Health

Torrential rains, floods kill 20 in Central America
October 14, 2007 10:07 PM -

SAN JOSE, Costa Rica (Reuters) - Emergency officials across Central America worked to clean up towns inundated by recent deadly floods and landslides, and braced for more bad weather on Sunday.

At least 20 people were killed and thousands evacuated across Central America after days of torrential rain sparked landslides and flooding.

The same weather system that killed 23 people in a Haitian village on Friday triggered a landslide that buried 14 people under mud and debris in Costa Rica.

Red Cross workers had been digging through the debris since Thursday, when about 2.5 acres (1 hectare) of land on a steep slope gave way and fell on the small town of Atenas, about 20 miles west of the Costa Rican capital.

Tea struggles for place in 21st century Asia
October 14, 2007 09:45 PM - Ralph Jennings, reuters

TAIPEI (Reuters) - From Beijing to Tokyo, Seoul, Hong Kong and Taipei, faced-paced modern life means that tea has little appeal for Asian youth who don't have the patience to wait the 10 minutes it takes to brew tea in the traditional way.

"I don't have any time or relevant tea culture," said Becca Liu, a 25-year-old college graduate in Taipei.

"I'm more curious to know how to make coffee," she added. Determined to restore tea to its exalted status in Asia, tea lovers are trying to repackage tea as a funky new-age brew to a young generation more inclined to slurp down a can of artificially-flavored tea than to sip the real thing.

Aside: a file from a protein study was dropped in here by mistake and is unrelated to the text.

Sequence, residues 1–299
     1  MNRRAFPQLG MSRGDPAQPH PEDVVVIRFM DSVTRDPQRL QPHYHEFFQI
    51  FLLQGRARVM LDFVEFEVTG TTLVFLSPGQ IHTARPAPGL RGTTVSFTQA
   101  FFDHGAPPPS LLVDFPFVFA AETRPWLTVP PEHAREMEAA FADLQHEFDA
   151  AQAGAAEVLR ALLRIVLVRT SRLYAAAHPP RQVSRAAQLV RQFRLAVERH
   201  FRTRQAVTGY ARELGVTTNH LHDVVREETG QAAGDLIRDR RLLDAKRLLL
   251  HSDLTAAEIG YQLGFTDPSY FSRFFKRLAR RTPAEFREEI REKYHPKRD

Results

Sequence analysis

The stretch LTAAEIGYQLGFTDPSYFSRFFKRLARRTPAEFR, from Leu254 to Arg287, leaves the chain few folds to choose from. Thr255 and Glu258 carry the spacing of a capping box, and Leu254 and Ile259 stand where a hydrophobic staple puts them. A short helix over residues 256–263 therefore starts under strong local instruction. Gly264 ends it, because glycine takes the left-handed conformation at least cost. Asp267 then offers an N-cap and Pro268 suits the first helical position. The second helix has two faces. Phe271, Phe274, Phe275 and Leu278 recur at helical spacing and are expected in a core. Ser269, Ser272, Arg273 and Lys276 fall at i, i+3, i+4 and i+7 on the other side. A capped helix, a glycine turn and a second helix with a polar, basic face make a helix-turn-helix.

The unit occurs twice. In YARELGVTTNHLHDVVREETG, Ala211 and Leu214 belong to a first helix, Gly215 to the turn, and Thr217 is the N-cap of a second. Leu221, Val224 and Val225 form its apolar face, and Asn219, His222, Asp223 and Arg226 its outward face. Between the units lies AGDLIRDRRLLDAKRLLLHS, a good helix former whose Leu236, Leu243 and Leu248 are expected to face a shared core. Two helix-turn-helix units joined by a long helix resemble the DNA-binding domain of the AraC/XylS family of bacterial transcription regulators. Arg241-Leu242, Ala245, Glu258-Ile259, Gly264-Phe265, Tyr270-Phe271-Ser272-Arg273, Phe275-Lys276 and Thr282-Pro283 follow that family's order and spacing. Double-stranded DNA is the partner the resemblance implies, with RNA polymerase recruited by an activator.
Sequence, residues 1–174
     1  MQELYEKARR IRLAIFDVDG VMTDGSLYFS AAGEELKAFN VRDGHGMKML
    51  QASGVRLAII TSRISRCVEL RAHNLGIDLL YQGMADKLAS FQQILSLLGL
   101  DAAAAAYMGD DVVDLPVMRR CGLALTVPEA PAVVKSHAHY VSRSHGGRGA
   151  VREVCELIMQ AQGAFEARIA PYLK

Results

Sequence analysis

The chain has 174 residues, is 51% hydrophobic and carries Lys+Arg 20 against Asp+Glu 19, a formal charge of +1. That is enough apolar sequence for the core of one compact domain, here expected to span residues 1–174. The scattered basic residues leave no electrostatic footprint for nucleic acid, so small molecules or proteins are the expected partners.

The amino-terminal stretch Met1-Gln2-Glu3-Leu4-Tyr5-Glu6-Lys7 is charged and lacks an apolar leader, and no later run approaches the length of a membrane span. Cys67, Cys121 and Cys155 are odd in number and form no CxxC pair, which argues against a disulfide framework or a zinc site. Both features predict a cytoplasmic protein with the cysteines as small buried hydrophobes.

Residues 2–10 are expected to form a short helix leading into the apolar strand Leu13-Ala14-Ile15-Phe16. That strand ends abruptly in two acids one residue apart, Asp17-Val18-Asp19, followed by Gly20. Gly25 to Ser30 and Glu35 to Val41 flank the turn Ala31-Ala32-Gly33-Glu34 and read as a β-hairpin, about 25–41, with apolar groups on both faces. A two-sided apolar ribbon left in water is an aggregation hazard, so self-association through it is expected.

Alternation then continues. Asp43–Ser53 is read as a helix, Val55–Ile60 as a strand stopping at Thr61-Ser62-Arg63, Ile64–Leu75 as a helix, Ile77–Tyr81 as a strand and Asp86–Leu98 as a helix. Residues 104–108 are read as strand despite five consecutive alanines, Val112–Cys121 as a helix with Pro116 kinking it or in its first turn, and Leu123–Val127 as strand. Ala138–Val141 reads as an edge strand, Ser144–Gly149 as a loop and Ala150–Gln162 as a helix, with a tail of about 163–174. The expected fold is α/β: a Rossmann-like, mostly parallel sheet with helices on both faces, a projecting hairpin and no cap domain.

Schwarzenegger signs handgun "microstamp" bill
October 14, 2007 09:39 PM -

SAN FRANCISCO (Reuters) - California Gov. Arnold Schwarzenegger has signed a bill whose backers say will better help police use shells from hand guns as evidence in criminal investigations, a spokeswoman said on Sunday.

The legislation marks a victory for gun-control activists and the second time Schwarzenegger signed one of their priority bills. In 2004 he approved a ban on private citizens owning .50 caliber rifles.

Fearful looks get brain's attention fast: study
October 14, 2007 09:31 PM - Julie Steenhuysen, Reuters

CHICAGO (Reuters) - Smiles may take a while, but a horrified expression is a sure-fire attention getter, U.S. researchers said on Sunday, based on a study of how fast people process facial expressions.

They believe fearful facial expressions make a beeline to the alarm center of the brain known as the amygdala, cuing humans to potential threats.

Afghanistan struggles with heroin addiction scourge
October 14, 2007 09:29 PM - Hamid Shalizi, Reuters

KABUL (Reuters) - Afghanistan, the world's biggest heroin producer, is struggling to cope with a drug problem as thousands of Afghans -- trying to cope with the traumas of war, displacement and poverty -- are becoming addicted to narcotics.

On the outskirts of Kabul, a sprawling bombed-out building that was once a centre for culture and science is home to over 100 squatters whose main concern is feeding their heroin habit.

Illinois firm recalls beef patties on E.coli scare
October 14, 2007 09:21 PM -